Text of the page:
It has become something of a literary cliché to bash the thesaurus, or at the very least, to warn fellow writers that it is a book best left alone. Some admonitions might be blunt, others wistful, as with Billy Collins musing on his rarely opened thesaurus. But beyond the romantic anthropomorphizing of words needing to break free from “the warehouse of Roget,” what of Collins’ more pointed criticism, that “there is no/such thing as a synonym”? That would suggest that the whole enterprise of constructing a thesaurus is predicated on a fiction.
It is only a fiction if one holds fast to the notion that synonyms must be exactly equivalent in their meaning, usage, and connotation. Of course, under this strict view, there will never be any “perfect” synonyms. No word does exactly the job of another. In the words of the linguist Roy Harris, “If we believe there are instances where two expressions cannot be differentiated in respect of meaning, we must be deceiving ourselves.”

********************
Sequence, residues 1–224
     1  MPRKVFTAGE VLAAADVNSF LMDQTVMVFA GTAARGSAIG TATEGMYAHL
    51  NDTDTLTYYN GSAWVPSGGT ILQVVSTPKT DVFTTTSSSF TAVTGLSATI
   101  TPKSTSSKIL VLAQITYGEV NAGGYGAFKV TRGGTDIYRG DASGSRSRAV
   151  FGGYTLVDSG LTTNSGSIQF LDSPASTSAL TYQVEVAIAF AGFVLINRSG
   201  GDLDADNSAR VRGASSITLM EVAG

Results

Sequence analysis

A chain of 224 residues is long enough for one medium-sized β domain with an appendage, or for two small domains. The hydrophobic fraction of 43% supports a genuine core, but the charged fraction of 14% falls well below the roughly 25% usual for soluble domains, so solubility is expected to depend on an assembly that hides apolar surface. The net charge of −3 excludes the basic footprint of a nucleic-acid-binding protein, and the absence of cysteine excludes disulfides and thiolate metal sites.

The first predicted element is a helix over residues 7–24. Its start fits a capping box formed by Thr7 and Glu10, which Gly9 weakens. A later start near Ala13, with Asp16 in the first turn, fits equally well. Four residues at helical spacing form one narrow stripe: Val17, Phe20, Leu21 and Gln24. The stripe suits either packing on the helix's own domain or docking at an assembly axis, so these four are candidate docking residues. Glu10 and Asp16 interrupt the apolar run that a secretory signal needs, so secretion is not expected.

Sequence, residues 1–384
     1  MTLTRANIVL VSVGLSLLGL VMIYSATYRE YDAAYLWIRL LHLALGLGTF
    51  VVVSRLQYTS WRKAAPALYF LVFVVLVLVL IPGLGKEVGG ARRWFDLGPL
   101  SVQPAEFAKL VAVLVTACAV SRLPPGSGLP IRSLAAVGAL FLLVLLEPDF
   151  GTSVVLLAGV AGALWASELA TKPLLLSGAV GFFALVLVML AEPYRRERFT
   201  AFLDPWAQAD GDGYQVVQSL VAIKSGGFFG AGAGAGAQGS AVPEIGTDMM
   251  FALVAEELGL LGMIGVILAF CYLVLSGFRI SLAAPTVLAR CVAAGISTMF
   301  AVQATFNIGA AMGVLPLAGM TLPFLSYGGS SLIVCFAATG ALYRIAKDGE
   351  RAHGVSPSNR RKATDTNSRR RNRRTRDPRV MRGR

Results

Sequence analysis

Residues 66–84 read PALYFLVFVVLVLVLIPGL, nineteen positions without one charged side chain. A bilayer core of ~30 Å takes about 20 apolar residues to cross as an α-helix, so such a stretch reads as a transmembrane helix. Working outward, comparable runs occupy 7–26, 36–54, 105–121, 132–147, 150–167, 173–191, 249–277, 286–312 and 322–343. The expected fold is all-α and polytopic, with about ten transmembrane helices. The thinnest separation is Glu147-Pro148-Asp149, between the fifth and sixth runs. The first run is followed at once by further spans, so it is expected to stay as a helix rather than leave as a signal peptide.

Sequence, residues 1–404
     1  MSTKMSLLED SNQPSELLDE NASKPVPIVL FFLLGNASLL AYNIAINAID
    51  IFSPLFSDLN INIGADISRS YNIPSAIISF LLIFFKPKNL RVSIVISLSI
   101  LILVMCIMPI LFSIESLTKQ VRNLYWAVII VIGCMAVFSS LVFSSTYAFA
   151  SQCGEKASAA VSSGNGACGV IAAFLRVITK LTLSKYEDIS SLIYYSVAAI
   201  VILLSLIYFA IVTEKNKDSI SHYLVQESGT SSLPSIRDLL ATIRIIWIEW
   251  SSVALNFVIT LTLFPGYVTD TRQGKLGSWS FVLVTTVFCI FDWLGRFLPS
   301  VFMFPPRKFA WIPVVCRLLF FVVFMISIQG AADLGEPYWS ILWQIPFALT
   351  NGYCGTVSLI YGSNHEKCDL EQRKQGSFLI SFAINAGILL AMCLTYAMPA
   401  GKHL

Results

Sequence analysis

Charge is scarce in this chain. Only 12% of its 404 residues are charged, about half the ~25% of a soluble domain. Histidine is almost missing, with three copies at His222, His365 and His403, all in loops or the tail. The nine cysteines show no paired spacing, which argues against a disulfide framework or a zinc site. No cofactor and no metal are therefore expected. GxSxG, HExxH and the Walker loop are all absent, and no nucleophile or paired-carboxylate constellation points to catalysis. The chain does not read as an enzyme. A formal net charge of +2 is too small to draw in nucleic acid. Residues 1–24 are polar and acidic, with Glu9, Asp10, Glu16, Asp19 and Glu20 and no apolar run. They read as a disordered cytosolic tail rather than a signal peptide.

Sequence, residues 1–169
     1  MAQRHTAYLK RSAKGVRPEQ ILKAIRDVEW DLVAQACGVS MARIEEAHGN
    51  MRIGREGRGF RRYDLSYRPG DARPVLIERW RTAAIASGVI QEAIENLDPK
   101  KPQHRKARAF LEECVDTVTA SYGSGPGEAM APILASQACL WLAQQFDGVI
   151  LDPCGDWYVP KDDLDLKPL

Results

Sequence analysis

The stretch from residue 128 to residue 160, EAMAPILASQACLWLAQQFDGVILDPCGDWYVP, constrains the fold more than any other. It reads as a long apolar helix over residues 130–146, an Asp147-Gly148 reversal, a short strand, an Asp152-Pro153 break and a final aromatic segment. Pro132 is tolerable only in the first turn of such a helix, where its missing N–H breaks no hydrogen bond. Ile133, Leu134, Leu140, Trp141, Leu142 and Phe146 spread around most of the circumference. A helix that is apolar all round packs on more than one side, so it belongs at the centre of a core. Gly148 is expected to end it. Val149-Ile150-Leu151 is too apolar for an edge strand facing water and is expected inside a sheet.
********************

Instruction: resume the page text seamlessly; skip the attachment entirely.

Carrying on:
No matter how tempting the metaphor, though, words are not people. We cannot run genetic tests on them to determine their degrees of kinship, and a thesaurus is not a pedigree chart. We can, nonetheless, look to it as a guidebook to help us travel around the semantic space of our shared lexicon, grasping both the similarities that bond words together and the nuances that differentiate them.
This was, in fact, more or less the mission of Peter Mark Roget when he published the first edition of his Thesaurus of English Words and Phrases in the spring of 1852.
Canadian author Margaret Atwood treasures hers, as did Sylvia Plath and Dylan Thomas. Opponents abound though. Stephen King: “The only things creepier than a thesauÂrus are those little paperbacks college students too lazy to read the assigned novels buy around exam time. Any word you have to hunt for in a thesaurus is the wrong word.” And Roddy Doyle: “Do keep a thesaurus, but in the shed at the back of the garden or behind the fridge, somewhere that demands travel or effort. Chances are the words that come into your head will do fine.”
Read the full 21st century appraisal of Roget’s place in the modern world at Lapham’s Quarterly …